There are valuable lessons that can be learnt from indigenous concepts of organisation in which inspiration, motivation and engagement is harnessed and maintained, resulting in productivity and organisational success. A famous and well-respected Pacific (Tongan) leader, Dr. Senipisi Kavaliku once stated that it is ‘your leadership in the context of your total social milieu on which you will be assessed, and perception created. It is of course a part of the whole but a crucial one because part of the context in which they judge you and an essential part of the context that you will have to use to succeed’. The context referred to here is the cultural awareness of the individual, groups or the organisation itself and an understanding of the invisible borders or the respected spaces that lies within. With this comes the building of relationships; the creation of trust and the removal of fear; the characteristics of servanthood; and the importance of openess within the organisation and the group of people involved.
Building Relationship- Creating Trust
One of the area that creates a barrier in building relationships is the lack of awareness in understanding cultural differences. Becoming more aware of cultural differences, as well as exploring cultural similarities can help improve relationships, communication and trust in an organisation. In a Pacific and Fijian context, trust comes from being accepted and this acceptance will create the perception and the belief of‘dua vata ga na kedaru i ula’ or literally transalted- we are in this together, whatever may come. This belief will build on the appropriate action or behaviour that needs to be established, thus creating a sense of unity, togetherness and belonging. Once established, the bonds are inseparable and it creates a snowball effect in other areas of relationships within an organisation.
The other aspect of leadership can be seen on the leadership characteristics or traits of a Fijian chief, known as the ‘Vakaturaga’ mentality. For this instance, vakaturaga encompasses values of respect, humility and participative leadership. Younger chiefs are nurtured by the elders of a clan for years to prepare them with these characteristics or qualities of leadership. They are mentored into every aspect of life, with the understanding and hope that when it is their time to lead, they are placed with the trust that these characteristics will guide them to trust, empower, inspire and engage his/her people- the act of servanthood and its links to repriprocity. In the context of a western society we can learn examples of mentoring for example, graduates and new employees may often be placed into a role and not have adequate support. This in turn creates the lack of committment. On the other hand if a person is mentored evey step similar to a vakaturaga upbringing, trust is encouraged, a sense of responsibility and loyalty created which will reduce the Pygmalian effects in the workplace.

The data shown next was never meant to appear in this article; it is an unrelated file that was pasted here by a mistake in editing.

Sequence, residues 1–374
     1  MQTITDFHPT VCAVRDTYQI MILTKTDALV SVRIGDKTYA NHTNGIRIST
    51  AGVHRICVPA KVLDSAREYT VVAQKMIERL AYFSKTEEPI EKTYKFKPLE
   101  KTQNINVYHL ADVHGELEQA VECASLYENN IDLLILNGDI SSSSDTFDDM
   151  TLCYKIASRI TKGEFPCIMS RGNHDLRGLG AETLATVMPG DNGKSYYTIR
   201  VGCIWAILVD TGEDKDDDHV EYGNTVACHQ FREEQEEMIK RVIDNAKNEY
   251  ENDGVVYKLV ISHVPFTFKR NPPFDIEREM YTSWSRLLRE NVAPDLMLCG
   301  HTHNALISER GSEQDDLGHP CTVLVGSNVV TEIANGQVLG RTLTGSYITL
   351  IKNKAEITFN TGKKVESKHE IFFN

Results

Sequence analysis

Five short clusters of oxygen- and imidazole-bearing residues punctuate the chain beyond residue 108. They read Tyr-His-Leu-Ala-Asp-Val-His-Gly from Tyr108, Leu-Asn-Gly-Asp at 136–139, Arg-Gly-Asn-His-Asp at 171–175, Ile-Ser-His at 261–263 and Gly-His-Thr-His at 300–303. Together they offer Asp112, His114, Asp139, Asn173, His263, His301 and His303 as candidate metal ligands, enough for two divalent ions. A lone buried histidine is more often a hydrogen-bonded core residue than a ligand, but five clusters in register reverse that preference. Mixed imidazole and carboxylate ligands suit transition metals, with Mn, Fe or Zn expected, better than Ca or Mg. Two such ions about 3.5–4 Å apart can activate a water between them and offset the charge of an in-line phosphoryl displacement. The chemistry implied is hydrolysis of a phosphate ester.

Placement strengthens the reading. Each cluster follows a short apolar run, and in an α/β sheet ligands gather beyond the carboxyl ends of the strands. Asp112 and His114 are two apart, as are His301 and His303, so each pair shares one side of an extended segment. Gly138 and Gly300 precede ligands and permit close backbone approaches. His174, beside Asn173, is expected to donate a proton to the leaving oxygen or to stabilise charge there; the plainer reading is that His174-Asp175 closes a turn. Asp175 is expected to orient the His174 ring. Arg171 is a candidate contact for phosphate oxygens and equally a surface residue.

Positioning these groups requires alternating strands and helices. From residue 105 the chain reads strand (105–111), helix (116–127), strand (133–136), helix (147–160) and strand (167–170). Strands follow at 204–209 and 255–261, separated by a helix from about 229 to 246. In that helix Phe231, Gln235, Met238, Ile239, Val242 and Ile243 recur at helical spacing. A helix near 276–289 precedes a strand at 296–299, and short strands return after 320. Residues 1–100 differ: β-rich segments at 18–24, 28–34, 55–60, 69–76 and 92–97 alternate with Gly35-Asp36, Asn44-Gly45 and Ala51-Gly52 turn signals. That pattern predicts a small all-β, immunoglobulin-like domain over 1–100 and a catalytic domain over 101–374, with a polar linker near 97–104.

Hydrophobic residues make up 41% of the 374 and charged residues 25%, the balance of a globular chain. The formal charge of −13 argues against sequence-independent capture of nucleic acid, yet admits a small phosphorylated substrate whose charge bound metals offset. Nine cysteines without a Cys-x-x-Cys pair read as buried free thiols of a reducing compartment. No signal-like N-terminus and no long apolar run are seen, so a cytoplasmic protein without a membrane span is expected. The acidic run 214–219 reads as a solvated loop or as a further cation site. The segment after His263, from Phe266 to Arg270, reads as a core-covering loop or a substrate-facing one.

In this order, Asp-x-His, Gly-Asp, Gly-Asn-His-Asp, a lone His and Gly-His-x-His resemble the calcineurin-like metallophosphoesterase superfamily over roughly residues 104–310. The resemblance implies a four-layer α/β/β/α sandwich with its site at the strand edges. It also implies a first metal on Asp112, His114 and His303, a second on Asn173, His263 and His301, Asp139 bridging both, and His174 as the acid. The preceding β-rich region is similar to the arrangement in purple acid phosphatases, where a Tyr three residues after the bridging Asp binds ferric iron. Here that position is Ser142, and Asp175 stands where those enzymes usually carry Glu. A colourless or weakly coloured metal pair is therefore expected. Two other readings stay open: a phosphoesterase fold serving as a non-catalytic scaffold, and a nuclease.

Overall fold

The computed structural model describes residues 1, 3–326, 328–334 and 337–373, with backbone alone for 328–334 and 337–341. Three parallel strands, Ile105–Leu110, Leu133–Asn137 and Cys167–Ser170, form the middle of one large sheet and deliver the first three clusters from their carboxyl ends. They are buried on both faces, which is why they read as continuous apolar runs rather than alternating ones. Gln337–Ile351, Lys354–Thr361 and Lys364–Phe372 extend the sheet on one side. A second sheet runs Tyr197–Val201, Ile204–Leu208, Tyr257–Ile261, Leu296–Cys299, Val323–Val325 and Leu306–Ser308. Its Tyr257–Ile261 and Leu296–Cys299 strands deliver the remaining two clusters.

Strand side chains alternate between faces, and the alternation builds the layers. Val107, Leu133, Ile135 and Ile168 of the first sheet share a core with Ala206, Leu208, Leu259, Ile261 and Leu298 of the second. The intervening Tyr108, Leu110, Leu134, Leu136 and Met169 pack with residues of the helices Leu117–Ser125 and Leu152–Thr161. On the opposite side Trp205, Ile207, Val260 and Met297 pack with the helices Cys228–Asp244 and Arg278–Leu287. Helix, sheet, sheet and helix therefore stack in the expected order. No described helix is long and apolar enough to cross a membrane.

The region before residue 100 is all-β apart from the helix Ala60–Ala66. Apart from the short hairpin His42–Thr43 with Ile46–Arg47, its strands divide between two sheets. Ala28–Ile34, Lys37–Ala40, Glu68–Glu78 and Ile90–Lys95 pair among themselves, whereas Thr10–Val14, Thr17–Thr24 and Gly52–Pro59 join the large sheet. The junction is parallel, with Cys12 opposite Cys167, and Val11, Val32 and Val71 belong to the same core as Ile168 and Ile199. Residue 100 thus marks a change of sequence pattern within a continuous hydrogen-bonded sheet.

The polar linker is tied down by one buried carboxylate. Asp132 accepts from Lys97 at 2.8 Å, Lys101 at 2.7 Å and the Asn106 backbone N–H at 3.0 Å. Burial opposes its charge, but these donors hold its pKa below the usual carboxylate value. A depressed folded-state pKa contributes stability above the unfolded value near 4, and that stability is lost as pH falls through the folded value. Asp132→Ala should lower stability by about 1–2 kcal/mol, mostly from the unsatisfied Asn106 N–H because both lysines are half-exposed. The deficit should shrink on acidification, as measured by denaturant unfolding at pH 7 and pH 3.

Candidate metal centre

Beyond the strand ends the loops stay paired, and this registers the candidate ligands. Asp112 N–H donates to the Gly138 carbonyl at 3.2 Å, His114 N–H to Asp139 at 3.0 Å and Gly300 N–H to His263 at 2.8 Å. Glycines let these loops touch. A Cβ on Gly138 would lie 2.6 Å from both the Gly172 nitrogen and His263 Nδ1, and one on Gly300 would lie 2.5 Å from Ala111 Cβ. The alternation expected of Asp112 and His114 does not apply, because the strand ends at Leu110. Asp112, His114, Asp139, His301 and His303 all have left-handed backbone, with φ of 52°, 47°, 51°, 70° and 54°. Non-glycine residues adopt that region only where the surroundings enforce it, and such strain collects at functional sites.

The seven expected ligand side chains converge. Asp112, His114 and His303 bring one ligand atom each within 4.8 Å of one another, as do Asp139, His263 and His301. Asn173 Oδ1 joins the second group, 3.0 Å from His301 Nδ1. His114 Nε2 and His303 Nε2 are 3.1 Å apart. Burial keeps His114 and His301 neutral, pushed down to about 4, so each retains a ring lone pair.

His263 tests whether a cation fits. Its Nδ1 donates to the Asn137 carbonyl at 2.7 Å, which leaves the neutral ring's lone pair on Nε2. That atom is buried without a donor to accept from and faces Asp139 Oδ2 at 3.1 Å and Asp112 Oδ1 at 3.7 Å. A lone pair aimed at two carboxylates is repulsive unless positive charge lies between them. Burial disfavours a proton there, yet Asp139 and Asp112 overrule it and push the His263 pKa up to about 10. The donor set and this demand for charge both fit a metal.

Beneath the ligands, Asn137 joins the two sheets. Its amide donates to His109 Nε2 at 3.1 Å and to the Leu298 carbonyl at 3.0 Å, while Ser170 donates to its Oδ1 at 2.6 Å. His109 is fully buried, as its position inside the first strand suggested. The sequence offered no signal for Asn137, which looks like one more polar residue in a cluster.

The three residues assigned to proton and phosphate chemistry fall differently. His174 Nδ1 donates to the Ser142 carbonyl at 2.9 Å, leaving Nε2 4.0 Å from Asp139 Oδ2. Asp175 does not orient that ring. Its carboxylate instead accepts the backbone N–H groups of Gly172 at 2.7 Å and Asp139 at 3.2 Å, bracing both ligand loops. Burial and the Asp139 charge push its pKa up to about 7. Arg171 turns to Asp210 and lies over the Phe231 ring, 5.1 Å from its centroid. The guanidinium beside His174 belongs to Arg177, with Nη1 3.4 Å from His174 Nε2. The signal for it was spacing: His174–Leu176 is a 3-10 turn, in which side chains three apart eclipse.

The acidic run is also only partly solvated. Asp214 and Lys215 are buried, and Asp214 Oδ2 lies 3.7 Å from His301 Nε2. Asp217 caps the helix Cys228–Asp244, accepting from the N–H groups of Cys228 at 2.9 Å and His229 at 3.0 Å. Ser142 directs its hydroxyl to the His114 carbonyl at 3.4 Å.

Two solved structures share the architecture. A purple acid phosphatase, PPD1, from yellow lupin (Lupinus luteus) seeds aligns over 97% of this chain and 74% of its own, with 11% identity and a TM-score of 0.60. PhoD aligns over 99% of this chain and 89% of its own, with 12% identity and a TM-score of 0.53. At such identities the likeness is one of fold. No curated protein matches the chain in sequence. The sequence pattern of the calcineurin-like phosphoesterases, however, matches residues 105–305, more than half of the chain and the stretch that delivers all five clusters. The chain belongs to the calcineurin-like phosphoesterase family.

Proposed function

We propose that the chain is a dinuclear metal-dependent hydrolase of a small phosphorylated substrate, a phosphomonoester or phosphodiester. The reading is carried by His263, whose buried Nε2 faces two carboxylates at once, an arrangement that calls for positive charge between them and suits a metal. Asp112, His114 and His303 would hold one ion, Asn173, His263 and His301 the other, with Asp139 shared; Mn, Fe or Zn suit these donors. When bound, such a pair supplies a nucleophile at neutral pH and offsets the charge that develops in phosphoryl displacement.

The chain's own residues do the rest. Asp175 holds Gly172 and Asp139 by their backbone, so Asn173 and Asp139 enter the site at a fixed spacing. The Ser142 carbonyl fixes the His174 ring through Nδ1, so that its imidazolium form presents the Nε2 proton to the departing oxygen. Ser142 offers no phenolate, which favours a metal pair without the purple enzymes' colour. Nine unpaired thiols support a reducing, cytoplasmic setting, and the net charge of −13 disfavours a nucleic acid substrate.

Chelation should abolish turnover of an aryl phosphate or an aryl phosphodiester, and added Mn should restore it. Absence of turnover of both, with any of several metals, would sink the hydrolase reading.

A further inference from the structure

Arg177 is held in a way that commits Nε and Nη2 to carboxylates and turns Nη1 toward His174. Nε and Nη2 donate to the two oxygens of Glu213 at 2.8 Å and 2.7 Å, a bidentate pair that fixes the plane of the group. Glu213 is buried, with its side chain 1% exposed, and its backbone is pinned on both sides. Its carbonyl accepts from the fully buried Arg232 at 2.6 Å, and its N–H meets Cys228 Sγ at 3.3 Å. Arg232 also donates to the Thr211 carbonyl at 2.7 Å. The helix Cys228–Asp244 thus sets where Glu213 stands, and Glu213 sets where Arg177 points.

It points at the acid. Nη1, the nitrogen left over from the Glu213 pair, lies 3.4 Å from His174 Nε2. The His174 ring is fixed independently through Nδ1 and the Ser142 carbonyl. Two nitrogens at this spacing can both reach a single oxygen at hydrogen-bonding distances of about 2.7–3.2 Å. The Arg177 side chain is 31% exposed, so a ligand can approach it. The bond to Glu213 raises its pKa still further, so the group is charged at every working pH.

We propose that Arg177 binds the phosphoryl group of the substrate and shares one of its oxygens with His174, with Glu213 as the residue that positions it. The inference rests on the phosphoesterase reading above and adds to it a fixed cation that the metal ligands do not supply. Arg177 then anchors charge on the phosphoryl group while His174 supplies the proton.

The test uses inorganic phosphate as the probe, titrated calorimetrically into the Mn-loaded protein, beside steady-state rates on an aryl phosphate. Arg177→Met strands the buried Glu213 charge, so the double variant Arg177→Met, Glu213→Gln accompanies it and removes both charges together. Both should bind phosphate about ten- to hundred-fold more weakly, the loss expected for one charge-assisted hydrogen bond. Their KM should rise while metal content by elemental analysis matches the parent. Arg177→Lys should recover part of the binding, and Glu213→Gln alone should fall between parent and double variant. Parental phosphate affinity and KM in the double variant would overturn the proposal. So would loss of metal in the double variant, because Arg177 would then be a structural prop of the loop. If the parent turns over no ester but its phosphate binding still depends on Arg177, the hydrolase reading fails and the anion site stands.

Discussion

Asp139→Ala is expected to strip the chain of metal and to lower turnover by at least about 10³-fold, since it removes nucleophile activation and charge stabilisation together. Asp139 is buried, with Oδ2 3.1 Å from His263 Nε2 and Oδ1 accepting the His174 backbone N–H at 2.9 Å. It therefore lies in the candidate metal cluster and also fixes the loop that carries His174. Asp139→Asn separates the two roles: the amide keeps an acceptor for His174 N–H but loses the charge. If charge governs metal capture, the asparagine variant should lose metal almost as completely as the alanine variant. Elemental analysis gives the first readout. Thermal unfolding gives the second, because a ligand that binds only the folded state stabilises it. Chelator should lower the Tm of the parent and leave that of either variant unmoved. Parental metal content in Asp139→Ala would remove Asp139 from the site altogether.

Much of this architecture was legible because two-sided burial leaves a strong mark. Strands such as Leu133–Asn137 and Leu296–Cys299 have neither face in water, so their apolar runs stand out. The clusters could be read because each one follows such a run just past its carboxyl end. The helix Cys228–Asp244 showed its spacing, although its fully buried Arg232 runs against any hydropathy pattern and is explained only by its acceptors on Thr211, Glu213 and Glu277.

Openness in leadership needs to be encouraged so that employees feel comfortable in presenting new ideas and be innovative, without the fear of criticism. Certain barriers within the organisation that is viewed as norms must be removed so all members, from top to bottom, can be free to express themselves, share their vision and knowledge, and develop success. In a Fijian and Pacific context, the notion of organised chaos and communal responsibility thrives with openness in leadership by the chief to his or her people. For example, there is no such thing as ‘reservation for catering purposes’ in weddings or similar occasions. Hosts must ensure that there will be enough for anybody that will turn up, whether invited or not. This is where organised chaos and communal responsibility is witnessed at its best. From an outside perspective, it may look disorganised and unplanned but within this society, everyone understands their role and will go the extra mile or perform more than what is expected to ensure success prevails- based on the values of trust and unity. There is an understanding of each other’s strengths and weaknesses and this is complimented by the skills that everyone possesses. Moss Kanter (1985) links innovation with openness and stated that organisations that stimulate innovation are not those that hide their problems or solve them in secret at upper levels but rather those that make problems available to people at lower levels to tackle. Performance and job satisfaction can be linked to this context in which collective performance will outweigh individual performance when it comes to measuring the overall process productivity. Chaos can lead to creativity and creativity is necessary if change is to occur in an organisation